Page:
The parable of the credits
It would be an understatement to say that I didn’t get on well with Paul Thomas Anderson’s Inherent Vice. But I did stay until the end of the film, all the way to the credits, at which point I was unexpectedly rewarded by the sound of a record that I sometimes think would be the one I’d save from a burning house: Chuck Jackson’s “Any Day Now (My Wild Beautiful Bird)”.
For me this record, a US Top 40 hit in the summer of 1962, is Burt Bacharach’s finest hour as a writer of melodies and arrangements. His creation finds its perfect match in Bob Hilliard’s poetic words, with their gloriously gloomy prediction that “those blue shadows will fall over town” when the singer’s lover leaves, as he is convinced she will. Jackson, one of the best singers of his type and era, does the song full justice: of all the many artists who later covered it, none ever improved on this original version. In the lovely clip above, Bacharach mimes the distinctive organ intro; it was actually played in the studio by the great Paul Griffin.
Hearing it at the very end of a film I disliked was a reminder of sitting through Wim Wenders’s three-hour 1991 film Until the End of the World, until the moment when, after what felt like several weeks, the credits rolled and a half-familiar voice croaked: “I tried to reach you… on Valentine’s Day…”. Thus I was introduced to Robbie Robertson’s “Breakin’ the Rules”, a track from the 1991 album Storyville which — thanks not least to the understated nobility of its horn arrangement by the late Wardell Quezergue, as well as the achingly soulful vocals shared by Robertson with the Blue Nile’s Paul Buchanan — has existed for me ever since on a plane only half a notch below “Any Day Now”, which is to say within touching distance of heaven.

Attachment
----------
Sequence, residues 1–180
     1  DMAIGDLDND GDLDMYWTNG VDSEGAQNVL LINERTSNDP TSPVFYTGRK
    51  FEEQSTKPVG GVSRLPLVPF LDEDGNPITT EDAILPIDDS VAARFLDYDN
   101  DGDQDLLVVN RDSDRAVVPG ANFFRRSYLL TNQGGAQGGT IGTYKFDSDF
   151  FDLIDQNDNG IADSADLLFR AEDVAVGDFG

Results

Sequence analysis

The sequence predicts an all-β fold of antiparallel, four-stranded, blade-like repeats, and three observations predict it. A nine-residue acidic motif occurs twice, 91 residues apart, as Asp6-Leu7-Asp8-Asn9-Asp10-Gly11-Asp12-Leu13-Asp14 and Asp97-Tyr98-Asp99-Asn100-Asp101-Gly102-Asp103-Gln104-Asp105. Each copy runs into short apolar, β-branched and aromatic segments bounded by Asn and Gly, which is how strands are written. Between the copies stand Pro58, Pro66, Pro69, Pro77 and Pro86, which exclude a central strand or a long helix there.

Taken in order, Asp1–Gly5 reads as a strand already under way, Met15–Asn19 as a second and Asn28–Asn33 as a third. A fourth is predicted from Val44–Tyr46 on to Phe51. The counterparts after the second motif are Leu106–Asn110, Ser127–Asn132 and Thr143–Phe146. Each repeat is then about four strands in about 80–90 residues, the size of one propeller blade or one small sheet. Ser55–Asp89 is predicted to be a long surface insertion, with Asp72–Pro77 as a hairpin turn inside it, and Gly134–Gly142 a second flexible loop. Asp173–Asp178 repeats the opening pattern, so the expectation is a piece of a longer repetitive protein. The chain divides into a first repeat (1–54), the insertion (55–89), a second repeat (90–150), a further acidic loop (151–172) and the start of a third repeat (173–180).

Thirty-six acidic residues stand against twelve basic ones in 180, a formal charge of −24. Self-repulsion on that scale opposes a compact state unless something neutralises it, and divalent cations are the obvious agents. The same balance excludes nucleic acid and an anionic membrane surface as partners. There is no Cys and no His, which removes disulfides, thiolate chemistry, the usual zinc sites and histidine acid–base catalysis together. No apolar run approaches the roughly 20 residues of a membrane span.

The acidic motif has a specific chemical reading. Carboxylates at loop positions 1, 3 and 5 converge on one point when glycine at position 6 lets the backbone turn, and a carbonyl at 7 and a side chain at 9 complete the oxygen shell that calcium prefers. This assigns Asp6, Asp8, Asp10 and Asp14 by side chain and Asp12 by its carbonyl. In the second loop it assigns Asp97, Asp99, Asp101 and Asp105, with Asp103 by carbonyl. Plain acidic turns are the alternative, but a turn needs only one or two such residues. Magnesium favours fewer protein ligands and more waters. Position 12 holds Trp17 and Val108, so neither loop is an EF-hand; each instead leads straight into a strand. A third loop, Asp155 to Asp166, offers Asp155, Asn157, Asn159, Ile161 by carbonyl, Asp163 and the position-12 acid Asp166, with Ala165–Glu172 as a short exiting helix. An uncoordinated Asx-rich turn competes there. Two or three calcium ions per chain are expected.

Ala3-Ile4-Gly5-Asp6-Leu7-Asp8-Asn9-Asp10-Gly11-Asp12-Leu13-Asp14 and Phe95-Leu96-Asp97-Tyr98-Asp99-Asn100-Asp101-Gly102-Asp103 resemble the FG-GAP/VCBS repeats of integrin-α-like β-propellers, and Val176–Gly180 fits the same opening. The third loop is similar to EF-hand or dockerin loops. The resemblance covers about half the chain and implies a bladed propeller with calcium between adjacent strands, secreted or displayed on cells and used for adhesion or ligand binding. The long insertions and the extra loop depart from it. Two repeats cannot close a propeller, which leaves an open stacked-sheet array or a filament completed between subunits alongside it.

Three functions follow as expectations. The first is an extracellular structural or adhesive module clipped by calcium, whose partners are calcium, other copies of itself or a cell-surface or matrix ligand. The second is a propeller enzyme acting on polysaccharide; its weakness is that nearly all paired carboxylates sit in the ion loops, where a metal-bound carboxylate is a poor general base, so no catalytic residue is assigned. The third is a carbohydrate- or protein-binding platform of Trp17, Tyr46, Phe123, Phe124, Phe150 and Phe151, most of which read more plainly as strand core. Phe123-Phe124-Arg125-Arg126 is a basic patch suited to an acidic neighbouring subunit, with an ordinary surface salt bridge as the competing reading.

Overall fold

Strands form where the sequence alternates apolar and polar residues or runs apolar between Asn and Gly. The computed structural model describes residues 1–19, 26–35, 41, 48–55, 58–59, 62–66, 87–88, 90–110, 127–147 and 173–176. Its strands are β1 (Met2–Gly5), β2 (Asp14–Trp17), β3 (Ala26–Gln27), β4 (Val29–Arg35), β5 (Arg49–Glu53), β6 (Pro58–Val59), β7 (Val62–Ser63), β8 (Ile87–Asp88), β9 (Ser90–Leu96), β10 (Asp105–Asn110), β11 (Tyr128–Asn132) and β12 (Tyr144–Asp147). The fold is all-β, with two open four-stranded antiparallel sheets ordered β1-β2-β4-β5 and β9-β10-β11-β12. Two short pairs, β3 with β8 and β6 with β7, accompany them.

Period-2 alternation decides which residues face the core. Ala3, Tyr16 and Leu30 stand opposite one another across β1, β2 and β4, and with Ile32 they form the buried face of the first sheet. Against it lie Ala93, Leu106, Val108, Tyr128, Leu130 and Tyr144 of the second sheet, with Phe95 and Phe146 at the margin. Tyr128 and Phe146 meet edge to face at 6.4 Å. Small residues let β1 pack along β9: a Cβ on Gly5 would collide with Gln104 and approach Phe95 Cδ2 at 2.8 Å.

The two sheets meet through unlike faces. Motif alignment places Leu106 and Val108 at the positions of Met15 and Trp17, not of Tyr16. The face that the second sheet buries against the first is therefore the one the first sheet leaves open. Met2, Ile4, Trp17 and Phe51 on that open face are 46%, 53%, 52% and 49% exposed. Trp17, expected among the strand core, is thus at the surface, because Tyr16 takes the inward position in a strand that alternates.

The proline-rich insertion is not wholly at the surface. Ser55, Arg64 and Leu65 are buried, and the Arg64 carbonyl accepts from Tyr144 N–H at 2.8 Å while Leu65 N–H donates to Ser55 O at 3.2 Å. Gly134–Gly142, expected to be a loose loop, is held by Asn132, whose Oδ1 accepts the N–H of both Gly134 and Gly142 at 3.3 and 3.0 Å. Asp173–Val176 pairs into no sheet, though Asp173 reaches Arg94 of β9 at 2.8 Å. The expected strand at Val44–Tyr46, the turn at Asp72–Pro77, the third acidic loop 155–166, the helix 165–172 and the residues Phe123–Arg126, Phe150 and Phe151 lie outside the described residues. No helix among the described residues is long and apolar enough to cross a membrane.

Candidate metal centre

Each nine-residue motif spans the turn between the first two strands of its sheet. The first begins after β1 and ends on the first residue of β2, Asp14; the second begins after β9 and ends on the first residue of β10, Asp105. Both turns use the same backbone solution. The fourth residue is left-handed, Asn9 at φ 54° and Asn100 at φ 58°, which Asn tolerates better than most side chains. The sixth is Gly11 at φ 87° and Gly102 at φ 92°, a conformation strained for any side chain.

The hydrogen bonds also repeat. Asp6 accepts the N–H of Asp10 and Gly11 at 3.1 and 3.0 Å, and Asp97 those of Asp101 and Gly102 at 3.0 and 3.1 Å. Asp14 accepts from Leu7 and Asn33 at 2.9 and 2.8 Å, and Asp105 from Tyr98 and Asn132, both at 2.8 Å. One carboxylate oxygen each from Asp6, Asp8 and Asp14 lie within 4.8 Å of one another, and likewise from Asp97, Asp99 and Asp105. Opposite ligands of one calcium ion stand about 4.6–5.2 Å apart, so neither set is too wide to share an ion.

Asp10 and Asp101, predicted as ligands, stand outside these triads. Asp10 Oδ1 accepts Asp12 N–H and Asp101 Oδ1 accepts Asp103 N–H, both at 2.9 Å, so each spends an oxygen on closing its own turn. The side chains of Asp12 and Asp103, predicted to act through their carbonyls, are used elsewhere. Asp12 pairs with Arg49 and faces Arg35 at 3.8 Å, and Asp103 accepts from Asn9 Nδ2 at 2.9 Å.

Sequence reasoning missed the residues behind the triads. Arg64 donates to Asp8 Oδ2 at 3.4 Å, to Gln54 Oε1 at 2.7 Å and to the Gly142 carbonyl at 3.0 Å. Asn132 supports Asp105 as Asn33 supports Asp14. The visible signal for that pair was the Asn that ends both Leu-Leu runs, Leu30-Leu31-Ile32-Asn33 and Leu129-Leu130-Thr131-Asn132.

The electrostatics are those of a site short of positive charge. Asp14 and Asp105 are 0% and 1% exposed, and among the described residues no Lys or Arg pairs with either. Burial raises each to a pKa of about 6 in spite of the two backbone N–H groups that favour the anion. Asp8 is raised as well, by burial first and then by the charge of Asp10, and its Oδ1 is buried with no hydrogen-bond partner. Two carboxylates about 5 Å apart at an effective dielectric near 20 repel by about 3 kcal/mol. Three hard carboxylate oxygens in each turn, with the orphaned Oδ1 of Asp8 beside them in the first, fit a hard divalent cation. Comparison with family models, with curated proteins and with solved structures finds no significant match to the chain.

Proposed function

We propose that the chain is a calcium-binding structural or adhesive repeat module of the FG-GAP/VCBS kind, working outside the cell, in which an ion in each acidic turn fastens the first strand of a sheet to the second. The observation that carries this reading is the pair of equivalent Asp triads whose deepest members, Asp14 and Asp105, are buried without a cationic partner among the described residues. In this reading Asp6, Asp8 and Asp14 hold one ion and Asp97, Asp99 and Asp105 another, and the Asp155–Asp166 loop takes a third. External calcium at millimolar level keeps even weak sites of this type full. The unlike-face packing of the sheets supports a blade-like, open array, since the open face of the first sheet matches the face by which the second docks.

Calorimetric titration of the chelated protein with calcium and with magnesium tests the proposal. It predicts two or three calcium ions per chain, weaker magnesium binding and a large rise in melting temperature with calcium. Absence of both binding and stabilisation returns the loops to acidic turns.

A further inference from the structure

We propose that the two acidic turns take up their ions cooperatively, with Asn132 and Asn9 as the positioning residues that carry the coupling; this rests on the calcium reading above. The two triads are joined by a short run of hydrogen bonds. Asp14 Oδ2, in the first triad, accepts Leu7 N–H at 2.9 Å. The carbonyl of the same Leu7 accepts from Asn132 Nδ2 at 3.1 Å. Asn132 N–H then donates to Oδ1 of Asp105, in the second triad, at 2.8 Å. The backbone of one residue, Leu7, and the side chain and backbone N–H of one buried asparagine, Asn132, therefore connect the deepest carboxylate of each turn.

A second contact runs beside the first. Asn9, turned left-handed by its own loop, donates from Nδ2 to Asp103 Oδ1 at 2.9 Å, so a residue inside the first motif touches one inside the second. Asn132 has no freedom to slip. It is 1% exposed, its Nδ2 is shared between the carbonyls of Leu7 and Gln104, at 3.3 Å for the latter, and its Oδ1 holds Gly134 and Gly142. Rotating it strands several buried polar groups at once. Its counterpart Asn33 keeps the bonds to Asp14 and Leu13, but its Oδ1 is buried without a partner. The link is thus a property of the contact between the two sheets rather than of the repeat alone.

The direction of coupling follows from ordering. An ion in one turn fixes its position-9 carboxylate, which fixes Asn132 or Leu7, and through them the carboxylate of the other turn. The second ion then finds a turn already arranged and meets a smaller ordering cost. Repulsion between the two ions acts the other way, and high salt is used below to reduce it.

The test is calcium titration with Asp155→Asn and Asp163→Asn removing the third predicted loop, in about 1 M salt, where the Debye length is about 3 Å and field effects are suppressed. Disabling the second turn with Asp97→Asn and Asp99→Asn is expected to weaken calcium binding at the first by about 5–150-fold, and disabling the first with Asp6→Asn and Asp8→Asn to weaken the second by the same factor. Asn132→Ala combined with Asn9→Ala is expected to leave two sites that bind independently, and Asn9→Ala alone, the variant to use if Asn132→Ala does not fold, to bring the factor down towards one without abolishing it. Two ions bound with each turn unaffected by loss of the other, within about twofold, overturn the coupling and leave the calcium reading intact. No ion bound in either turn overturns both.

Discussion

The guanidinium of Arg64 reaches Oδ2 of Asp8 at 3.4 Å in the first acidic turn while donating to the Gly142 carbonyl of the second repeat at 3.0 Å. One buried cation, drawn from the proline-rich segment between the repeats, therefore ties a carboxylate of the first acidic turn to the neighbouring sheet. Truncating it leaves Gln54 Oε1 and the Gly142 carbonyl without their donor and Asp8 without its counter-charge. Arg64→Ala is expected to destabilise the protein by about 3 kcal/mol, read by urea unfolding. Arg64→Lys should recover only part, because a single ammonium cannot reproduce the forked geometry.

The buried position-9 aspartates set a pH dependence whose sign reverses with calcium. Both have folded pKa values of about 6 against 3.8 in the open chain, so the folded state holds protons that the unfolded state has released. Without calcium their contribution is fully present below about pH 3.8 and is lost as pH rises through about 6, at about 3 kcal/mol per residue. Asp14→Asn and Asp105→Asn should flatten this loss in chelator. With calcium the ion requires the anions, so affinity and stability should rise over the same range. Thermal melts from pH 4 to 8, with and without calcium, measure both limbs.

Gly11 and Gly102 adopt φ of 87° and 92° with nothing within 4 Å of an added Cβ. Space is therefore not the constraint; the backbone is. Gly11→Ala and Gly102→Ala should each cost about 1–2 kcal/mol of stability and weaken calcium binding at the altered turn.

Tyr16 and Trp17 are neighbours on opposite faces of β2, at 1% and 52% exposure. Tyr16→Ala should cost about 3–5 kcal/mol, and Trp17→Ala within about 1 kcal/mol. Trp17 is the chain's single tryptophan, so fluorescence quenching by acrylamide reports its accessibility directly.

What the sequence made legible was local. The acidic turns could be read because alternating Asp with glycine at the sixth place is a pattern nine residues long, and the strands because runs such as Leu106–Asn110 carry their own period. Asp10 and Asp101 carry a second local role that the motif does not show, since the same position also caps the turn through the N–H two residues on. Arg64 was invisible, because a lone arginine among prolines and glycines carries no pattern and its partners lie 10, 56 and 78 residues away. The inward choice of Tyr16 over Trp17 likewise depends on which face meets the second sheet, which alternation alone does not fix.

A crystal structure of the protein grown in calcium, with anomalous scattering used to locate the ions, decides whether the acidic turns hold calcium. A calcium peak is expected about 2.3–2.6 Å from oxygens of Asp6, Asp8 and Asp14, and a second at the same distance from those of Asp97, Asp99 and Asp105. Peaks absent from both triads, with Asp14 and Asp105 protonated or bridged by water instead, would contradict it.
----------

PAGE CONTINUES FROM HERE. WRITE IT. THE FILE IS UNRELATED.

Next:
So the moral must be: whatever your opinion of the film, don’t leave your seat until you’ve see the line about no animals being harmed and the lights have come up.
I’m with you 100% on Any Day Now. In fact But has a few in that category….close to heaven. Lou Johnson. I haven’t seen either of those movies but admire your perseverence. I couldn’t do it.
Hi Richard, surely you and Russ Titelman give a certain dollop of credit to the great Luther Dixon for the beauty of Any Day Now. I am always astounded how many great 1960s singles have a Luther Dixon credit somewhere on them yet this stellar talent remains pretty much forgotten by the industry and certainly forgotten by the public.
Have you written a blog on Luther Dixon a la the one on Maxwell Davis? If not perhaps you should consider it.
What’s the matter with the movie??
Hi Richard, much as I revere you in all respects musical, I don’t get the reaction to Inherent Vice. And most of my friends hated it so I know i’m in a minority, and quite a few people in the screening I went to walked out. But I laughed like a drain most of the way through. I loved the skits on Chinatown, Raymond Chandler, sunny California noir (as it were), and all sorts of out of the blue introductions of random craziness which were absolutely of a piece with that milieu. As for the political paranoia of the mid-70s onwards … did everybody miss that? Plus the soundtrack was great. (Maybe this has to do with my own experiences in the 70s.) But also some of the film is boring, certainly 20 minutes too long. But great to be bored in a film one liked. Sounds paradoxical but true. I don’t want to be stimulated every waking minute and sometimes it is good to drift and then dip back in. I thought Mr. Phoenix was just terrific and the whole straggling, stoner thing was about right. Ok. Stoned people can be tedious and Inherent Vice had its flat moments, but all the same. There’s always the soundtrack when things get a little out of hand.
Worth noting that Chuck Jackson is still active and performing.